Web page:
Place:Aix-les-Bains, Savoie, France

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NameAix-les-Bains
Alt namesAquae Gratianaesource: Canby, Historic Places (1984) I, 13
TypeCommune
Coordinates45.683°N 5.917°E
Located inSavoie, France
source: Family History Library Catalog
source: Getty Thesaurus of Geographic Names
source: Family History Library Catalog


the text in this section is copied from an article in Wikipedia

Aix-les-Bains (French:), locally called Aix, is a commune in the department of Savoie, in the southeastern French region of Auvergne-Rhône-Alpes.

Situated on the shore of the largest natural lake of glacial origin in France, the Lac du Bourget, this resort is a major French spa town, and has the largest freshwater marina in France. It is the second-largest Savoy town in terms of population, having 28,585 inhabitants at the last census, and is part of its own urban area: The .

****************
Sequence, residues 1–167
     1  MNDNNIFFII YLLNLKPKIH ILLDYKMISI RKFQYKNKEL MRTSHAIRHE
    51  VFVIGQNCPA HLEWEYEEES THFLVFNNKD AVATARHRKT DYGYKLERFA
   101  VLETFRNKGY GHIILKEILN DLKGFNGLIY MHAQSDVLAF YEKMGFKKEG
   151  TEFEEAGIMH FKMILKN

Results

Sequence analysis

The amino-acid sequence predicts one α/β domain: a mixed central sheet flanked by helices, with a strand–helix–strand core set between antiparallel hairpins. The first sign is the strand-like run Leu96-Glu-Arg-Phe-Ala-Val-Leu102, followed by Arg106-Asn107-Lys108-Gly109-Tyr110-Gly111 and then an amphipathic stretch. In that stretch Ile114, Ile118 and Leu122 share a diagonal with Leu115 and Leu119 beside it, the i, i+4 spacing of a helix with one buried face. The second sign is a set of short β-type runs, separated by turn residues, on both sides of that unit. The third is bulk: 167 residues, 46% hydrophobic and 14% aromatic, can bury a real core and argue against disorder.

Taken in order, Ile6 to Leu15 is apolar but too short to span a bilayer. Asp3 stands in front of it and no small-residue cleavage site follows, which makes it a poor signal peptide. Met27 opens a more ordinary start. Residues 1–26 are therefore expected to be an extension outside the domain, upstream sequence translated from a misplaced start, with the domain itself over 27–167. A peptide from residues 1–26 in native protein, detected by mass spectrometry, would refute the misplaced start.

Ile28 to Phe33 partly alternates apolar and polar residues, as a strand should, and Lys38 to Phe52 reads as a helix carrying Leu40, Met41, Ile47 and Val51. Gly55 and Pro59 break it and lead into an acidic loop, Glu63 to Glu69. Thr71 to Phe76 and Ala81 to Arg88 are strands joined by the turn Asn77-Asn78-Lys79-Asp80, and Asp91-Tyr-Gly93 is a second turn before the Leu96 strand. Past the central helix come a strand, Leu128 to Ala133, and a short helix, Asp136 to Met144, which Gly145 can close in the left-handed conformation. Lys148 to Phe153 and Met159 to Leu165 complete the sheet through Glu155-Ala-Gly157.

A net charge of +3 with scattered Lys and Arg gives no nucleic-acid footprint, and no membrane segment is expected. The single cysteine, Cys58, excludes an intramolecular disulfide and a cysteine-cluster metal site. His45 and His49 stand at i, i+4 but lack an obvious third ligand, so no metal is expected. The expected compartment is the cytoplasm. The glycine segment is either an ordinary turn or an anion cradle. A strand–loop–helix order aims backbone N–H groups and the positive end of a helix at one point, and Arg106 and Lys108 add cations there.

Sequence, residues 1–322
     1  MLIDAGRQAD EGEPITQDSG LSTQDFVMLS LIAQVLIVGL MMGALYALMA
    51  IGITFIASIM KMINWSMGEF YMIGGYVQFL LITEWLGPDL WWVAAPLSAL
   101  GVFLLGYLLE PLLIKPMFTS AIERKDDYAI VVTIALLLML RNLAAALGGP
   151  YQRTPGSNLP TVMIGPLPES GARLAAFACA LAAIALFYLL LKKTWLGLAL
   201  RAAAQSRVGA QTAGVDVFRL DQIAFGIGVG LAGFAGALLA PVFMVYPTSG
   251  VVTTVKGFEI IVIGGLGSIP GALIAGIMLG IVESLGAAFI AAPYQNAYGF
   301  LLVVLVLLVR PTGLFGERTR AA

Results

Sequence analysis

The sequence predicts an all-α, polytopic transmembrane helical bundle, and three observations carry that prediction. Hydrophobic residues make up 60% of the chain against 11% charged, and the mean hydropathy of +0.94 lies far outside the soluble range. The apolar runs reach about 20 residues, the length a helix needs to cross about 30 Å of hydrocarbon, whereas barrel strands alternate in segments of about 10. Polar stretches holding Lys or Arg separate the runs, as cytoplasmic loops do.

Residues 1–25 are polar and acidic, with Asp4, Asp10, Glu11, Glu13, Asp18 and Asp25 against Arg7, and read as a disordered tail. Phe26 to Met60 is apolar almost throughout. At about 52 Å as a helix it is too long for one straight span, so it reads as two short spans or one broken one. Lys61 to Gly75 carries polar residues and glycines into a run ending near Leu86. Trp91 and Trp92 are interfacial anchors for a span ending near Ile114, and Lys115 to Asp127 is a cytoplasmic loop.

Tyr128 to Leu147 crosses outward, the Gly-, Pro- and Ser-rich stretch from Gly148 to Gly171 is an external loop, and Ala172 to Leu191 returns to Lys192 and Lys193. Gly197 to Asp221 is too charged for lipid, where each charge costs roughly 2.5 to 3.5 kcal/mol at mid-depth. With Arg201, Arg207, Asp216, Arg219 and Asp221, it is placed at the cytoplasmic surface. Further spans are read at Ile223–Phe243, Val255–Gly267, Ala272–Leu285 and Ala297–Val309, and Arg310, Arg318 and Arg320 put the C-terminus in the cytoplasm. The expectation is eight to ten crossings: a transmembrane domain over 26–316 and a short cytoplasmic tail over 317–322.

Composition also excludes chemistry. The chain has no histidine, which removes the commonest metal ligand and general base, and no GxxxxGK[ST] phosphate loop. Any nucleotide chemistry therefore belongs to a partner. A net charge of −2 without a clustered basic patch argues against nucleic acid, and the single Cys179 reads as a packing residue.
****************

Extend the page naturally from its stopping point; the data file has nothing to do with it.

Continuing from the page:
A leading town of the Belle Époque, of international renown, Aix-les-Bains was a vacation destination for nobility and the wealthy. Although the thermal baths are no longer the main attraction in Aix, the area continues to be draw visitors for water sports and activities. The town has partially compensated for the loss of visitors coming for spa treatments by developing tourism. It hosts up to 200,000 general visitors annually, between tourists and people seeking mineral bath therapy.

In addition to thermal baths and tourism, Aix-les-Bains is known for its national Musilac festival. Also, with several labels including Touristic Resort, Flowery City with Four Flowers and a Golden Flower (exceptional), City of Art and History, a 5@ (five-star or top-grade equivalent) , and . However, Aix is also an industrial town, with a few large companies such as Alstom, the headquarters of the Léon Grosse companies, ABB Cellier, Aixam, and a high-quality leather goods factory.

Contents

History

the text in this section is copied from an article in Wikipedia